CMS is the federal agency that provides health coverage to more than 160 million through Medicare, Medicaid, the Children's Health Insurance Program, and the Health Insurance Marketplace.

Certificate of Creditable Coverage

Proof of a person’s current or most recent insurance policy details will come via this official document, usually provided when coverage ends or changes. It provides evidence that legally entitles you to enroll in another individual or group health plan without exclusions or waiting periods imposed based on preexisting conditions. Certificates list the start and end dates, covered dependents, prior payer contact info, policy numbers, etc.

Certificate of Insurance

Think of this as the membership card for an insurance policy. It is a document that confirms your coverage details, such as the type of insurance, coverage period, and benefits included.

Children's Health Insurance Program (CHIP)

CHIP provides low-cost health coverage for children in families who earn too much to qualify for Medicaid but cannot afford private insurance.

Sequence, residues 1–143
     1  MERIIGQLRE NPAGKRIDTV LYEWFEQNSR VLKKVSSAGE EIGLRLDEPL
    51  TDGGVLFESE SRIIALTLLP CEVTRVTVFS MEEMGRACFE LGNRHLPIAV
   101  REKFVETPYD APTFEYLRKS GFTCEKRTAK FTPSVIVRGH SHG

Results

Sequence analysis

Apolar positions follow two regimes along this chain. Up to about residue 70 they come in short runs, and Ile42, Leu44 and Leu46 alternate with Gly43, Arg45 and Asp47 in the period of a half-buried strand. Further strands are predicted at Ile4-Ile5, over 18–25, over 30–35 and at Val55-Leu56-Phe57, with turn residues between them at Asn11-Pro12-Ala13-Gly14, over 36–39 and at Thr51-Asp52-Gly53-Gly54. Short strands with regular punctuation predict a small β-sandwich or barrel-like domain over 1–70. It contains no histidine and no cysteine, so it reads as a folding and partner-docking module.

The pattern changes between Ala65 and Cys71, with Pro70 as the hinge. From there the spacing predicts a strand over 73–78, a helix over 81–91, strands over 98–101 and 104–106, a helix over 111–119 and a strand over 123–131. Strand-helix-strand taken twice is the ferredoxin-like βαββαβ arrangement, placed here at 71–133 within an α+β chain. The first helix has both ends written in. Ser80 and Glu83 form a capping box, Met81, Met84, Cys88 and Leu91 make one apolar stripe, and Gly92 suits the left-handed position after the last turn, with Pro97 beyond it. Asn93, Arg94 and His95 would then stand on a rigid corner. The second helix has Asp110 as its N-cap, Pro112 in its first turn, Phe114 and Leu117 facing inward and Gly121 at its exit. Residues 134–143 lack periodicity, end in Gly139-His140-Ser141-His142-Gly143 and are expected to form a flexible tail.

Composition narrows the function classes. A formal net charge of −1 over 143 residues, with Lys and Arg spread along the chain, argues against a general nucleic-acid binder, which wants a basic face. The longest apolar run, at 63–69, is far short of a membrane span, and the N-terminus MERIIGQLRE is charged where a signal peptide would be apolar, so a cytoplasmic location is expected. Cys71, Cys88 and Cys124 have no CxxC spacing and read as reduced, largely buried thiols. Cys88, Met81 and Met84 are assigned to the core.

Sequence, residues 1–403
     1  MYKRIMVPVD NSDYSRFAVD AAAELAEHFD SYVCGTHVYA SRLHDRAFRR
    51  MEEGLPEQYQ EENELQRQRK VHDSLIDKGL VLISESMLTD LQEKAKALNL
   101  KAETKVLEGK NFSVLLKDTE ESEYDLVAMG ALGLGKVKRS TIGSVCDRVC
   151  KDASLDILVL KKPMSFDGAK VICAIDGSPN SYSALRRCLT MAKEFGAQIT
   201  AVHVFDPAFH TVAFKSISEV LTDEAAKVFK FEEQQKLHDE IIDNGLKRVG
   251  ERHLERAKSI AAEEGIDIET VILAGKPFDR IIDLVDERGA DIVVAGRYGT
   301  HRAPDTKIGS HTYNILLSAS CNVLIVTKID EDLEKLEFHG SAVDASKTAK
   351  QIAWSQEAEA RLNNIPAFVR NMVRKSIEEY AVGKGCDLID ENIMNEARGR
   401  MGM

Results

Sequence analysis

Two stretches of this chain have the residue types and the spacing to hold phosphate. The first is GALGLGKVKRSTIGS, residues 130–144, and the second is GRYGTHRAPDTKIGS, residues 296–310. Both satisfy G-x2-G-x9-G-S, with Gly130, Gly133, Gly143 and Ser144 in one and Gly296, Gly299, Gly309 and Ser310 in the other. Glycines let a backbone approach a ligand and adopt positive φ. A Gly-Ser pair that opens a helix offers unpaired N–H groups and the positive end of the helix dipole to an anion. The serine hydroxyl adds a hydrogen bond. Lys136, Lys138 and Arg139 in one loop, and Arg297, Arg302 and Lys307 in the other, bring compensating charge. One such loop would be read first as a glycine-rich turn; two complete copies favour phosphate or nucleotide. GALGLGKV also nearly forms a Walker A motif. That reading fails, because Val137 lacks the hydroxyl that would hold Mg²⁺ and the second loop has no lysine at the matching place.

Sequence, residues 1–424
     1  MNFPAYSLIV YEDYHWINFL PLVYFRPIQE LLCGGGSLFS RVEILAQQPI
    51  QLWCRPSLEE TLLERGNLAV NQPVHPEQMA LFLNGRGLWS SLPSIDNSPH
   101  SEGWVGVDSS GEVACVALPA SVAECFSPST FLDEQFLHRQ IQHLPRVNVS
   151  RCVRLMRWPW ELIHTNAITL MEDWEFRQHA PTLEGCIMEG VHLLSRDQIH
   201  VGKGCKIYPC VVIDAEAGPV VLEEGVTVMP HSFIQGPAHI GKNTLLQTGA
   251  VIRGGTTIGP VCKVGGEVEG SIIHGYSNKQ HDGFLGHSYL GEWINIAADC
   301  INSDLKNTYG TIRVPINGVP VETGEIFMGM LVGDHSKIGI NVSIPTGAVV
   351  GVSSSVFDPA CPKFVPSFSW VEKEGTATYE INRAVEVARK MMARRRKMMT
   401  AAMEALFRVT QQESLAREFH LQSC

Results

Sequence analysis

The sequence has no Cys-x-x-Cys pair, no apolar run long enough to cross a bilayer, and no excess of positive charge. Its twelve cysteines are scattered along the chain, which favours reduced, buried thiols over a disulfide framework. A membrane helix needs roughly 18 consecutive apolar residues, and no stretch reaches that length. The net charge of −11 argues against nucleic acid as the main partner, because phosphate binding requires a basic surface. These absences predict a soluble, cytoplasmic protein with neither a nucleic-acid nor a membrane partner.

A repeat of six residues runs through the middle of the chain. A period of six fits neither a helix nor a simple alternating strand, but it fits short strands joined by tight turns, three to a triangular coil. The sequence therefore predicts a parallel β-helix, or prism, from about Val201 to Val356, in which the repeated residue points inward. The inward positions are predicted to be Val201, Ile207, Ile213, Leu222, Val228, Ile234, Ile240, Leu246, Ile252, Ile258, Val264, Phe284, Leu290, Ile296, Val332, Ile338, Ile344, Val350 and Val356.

Claim

The claim is a request for payment submitted by a healthcare provider to an insurance company for services provided to a patient.

Clause

Since health insurance is a contract, it includes clauses. A clause in this context refers to the financial responsibility of the insurance company to the policyholder as stipulated in the contract.

Closed Formulary

A list of medications (formulary) which may limit drugs to specific physicians, patient care areas, or disease states via formulary restrictions.

Coinsurance

Think of this as cost-sharing in a joint venture. It is the percentage of healthcare costs you share with your insurance company after you have paid your deductible.

Commission

In terms of insurance, a commission is a fee in a percentage of the premium that an insurance company pays an insurance agent in exchange for soliciting applications for insurance for the company.

Community Rating

A rule that prevents health insurers from varying premiums within a geographic area based on age, gender, health status or other factors.

Composite Rate

A composite rate is an insurance premium based on the average risk profile of a group rather than the risk profile of an individual policyholder. A composite rate implies that all members of a particular group pay the same insurance premium for coverage.

Comprehensive Coverage

Comprehensive coverage includes a wide range of healthcare services and treatments, offering extensive protection against various health issues.

Coordination of Benefits